Snapchat, one of the most popular mobile apps amongst teenage girls, can teach CIOs a thing or three about technology and communication.

1. Data should have a shelf-life

The flagship feature of Snapchat is ephemerality. Snaps are designed to disappear forever* in 10 seconds or less. This cuts against the grain of most social services like Facebook and Instagram which are designed with permanence in mind.

I can’t think of any ephemeral-by-design applications for business, but it might be time to explore the possibilities. I wish 99% of of my emails would disappear after 10 seconds.

For the executive and legal teams, data permanency represents risk. For a storage teams, permanency represents cost. Data retention policies are designed to deal with this issue, but they’re just policies after all. And the reality is that most IT departments don’t have an easy way to implement data retention policies.

2. Zero friction = rabid usage

The Snapchat app is remarkably simple and fast. The speed at which a user can create and consume messages is what makes it so addicting. Anything that distracts the user from sending or receiving Snaps has been unmercifully cut from the UI. This isn’t by accident – it’s a result of excellent product design. The result? 350 million images sentper day.

It’s a different story in the enterprise where many internal software projects die due tocomplexity and friction. Perhaps CIOs and others who direct enterprise software projects should take a cue from B2C apps like Snapchat or Path and focus more heavily on design and user experience and, as a result, get more usage and buy-in for their services.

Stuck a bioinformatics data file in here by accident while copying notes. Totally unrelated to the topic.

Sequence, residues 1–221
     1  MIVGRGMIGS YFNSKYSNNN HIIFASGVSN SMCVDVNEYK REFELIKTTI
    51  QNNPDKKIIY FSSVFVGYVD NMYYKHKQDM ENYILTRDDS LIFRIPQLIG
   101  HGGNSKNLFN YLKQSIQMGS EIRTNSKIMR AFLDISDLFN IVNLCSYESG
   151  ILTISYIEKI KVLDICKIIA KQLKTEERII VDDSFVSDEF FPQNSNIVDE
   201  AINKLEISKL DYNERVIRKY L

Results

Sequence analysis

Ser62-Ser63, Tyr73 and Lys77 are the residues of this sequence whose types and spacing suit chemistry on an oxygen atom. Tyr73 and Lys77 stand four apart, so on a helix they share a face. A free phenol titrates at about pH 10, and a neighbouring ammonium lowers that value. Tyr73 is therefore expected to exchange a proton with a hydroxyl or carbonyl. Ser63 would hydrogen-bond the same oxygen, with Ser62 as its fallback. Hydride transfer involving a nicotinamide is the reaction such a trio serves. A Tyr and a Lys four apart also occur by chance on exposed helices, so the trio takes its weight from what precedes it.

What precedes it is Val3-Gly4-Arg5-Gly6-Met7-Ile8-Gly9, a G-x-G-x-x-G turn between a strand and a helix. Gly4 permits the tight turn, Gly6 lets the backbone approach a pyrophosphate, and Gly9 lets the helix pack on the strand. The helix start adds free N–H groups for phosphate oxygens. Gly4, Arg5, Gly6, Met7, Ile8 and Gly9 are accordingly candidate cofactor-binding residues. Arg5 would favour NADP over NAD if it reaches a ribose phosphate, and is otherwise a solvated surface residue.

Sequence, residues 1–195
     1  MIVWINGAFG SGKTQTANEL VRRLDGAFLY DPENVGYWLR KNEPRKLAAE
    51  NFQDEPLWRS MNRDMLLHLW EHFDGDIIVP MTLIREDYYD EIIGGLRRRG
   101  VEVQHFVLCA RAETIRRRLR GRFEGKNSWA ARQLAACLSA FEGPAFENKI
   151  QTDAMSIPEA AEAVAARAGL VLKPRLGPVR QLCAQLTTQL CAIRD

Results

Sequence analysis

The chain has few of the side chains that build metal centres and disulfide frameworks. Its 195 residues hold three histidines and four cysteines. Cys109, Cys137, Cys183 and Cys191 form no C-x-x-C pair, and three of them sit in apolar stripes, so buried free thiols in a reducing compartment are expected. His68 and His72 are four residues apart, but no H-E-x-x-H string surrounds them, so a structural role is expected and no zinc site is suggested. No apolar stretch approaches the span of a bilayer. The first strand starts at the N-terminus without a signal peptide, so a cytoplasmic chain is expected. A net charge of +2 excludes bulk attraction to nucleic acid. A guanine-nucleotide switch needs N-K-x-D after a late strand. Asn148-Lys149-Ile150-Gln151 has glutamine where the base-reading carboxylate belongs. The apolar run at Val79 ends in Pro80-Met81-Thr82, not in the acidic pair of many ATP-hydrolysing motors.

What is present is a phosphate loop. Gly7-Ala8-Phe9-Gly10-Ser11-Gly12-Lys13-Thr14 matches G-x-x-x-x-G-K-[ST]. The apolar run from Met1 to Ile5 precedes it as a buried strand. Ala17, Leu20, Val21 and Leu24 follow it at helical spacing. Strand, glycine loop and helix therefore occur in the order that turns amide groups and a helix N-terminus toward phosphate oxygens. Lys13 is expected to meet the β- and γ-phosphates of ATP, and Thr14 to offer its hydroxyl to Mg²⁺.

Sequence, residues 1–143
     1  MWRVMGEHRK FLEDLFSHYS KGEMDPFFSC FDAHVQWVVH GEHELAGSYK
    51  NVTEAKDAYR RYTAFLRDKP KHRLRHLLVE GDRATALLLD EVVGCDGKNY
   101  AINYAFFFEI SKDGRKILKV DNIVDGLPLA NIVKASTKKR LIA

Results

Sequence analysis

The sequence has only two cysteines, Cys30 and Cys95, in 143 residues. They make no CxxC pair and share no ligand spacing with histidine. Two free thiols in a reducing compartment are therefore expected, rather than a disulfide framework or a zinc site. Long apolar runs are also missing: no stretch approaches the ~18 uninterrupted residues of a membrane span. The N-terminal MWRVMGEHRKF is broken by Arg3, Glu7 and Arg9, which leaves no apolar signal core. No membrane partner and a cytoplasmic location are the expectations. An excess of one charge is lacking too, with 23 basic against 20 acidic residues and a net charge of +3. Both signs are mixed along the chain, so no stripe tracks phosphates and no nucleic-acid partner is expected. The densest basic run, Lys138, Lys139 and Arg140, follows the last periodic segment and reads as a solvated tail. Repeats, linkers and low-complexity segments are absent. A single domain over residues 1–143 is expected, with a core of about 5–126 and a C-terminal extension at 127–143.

3. Mobile, mobile, mobile

There’s a reason Snapchat is mobile only. It’s a messaging app and, well, even my two year-old realizes that the way we communicate with people that aren’t in the room is through the little rectangles in our pockets.

I’ll give CIOs credit for this one, though. Blackberry was clearly the best way to do mobile messaging for the better part of a decade and enterprises wisely hopped on that bandwagon (many are still on it). And even though Blackberry has waned, most enterprises are dealing with BYOD head on, empowering a mobile workforce to get things done on the move.

But there’s still work to be done. While it might be difficult to find anyone in business who can’t access email on their mobile device, many employees still can’t securely access their work documents or real-time message co-workers from them—the technology exists, but rollout is a work in progress.

It will be interesting to observe how CIOs attempt to walk the line between productivity and security as we move into an age of wearable tech and biometrics. Even the fun, affable Snapchat has to mind its Ps and Qs.


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